Both boys seem to have taken after me and love to chat, chat, chat away. I love talking to them about the things that interest them and O especially is so curious about language, the differences between Swedish and English and what words mean.
On the bus, he repeats the names of the coming bus stop after they are announced. And this caused a bit of a problem this week.
We were sitting near to two slightly older boys (aged maybe 8) with the mother of one of them, sitting alongside looking on her phone.
Every time that O said anything, they copied it in loud baby voices and laughed.
I looked over at them.
O said something else.
They laughed again.
I looked over again and glared at them. They carried on mimicking him.
I tried to concentrate on what he was saying to me. I spotted his best friend from preschool out of the window and pointed him out to O. We tried to wave to him.
The boys carried on mimicking O and laughing.
The mother carried on looking at her phone.
I looked over again and glared again.
The mimicking continued.
The mother lent forward and said something to one of them.
They carried on mimicking O and laughing.
We pressed the button for our stop.
O said the name of it. He loves that the bus stop has the same name as our address.
They mimicked him again.
I really wanted to say something to them or to the mother but I didn’t want to draw O’s attention to it. He really takes in what I say about “rules” these days – just 10 minutes earlier he had pointed out a car that was parked across the bicycle lane and told me that was wrong (something I have said before). He wasn’t really aware of the mimicking and I didn’t want him to know about and feel bad.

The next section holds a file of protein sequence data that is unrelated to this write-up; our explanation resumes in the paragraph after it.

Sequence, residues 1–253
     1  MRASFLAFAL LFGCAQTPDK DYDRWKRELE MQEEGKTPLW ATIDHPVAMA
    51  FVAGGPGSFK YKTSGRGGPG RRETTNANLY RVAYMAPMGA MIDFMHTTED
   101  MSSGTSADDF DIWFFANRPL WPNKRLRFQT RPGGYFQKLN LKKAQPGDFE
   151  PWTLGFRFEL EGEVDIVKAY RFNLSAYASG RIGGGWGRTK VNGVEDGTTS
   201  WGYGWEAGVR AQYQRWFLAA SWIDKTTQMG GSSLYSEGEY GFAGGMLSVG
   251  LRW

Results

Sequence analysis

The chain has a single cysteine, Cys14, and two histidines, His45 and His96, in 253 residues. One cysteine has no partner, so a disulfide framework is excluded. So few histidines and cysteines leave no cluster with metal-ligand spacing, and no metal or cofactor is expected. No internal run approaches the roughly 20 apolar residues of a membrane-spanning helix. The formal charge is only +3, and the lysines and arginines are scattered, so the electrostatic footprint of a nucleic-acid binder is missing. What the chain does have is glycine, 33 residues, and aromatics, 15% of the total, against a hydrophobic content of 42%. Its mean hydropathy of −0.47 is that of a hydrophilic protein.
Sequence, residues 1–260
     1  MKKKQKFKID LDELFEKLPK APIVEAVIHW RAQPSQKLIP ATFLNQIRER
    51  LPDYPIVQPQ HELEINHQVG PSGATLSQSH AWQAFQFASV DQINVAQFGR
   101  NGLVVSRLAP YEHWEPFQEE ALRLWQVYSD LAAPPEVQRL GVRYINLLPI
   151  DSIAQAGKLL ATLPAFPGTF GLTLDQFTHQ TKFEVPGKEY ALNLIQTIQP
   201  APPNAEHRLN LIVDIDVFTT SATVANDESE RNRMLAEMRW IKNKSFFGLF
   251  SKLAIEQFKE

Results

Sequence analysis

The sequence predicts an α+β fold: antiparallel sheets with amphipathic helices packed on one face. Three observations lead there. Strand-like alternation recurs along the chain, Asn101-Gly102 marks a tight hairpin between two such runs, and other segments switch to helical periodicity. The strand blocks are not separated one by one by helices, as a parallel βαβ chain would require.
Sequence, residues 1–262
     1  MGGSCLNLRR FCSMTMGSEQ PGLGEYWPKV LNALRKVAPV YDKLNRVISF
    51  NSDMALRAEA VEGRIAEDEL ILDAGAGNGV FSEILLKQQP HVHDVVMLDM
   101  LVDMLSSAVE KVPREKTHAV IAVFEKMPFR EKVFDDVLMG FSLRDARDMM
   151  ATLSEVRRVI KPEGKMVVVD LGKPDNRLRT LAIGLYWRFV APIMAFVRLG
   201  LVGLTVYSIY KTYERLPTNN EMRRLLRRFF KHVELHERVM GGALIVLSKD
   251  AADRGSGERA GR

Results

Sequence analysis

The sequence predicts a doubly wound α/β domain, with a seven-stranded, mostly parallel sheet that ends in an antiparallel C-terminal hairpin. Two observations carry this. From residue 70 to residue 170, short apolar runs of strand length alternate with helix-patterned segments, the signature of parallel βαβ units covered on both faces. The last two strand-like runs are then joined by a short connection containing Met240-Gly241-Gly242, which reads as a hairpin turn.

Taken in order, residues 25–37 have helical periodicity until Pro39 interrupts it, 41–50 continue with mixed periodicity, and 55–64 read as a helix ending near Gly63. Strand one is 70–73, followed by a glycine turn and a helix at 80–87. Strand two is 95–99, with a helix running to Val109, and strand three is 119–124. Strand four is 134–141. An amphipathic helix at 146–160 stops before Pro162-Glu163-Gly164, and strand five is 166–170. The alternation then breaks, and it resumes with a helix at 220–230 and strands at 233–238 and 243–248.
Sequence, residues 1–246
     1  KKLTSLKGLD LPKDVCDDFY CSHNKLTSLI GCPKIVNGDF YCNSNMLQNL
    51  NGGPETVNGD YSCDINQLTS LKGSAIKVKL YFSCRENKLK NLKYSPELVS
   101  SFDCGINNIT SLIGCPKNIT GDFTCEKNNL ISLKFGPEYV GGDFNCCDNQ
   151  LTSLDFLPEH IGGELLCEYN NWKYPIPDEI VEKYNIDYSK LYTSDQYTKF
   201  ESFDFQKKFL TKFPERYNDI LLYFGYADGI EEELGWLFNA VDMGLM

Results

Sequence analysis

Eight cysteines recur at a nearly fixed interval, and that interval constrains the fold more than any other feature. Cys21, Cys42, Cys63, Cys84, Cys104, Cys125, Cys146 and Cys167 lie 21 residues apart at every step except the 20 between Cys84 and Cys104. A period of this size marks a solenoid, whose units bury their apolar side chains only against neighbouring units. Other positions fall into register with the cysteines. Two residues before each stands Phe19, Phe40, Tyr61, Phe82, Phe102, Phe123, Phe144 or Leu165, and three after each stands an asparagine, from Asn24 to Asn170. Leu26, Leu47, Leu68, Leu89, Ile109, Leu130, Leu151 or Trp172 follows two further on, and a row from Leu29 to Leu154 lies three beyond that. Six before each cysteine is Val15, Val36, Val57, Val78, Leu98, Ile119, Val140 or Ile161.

He is not even five yet. He is still innocent about how people can treat each other. I want him to keep that childhood innocence for as long as possible. He doesn’t need to know the cruel things that we humans can say to each other yet.
I love that his capacity for learning new things and his curiosity about language. I don’t want that to be dampened by what other children say, by feeling that he is different because he speaks two languages, because his parents come from different places. I want him to embrace the differences in our cultures and that he can communicate easily in both Swedish and English. I want him to know that these differences only make him stronger.
In just over a year he’ll be going to school. I am sure that he’ll learn all too quickly just how cruel people can be to one another, the hurtful things that we can say.
But for now, I just want to keep hold of my innocent little boy.
(Image at the top by Victor Jori, via Creative Market)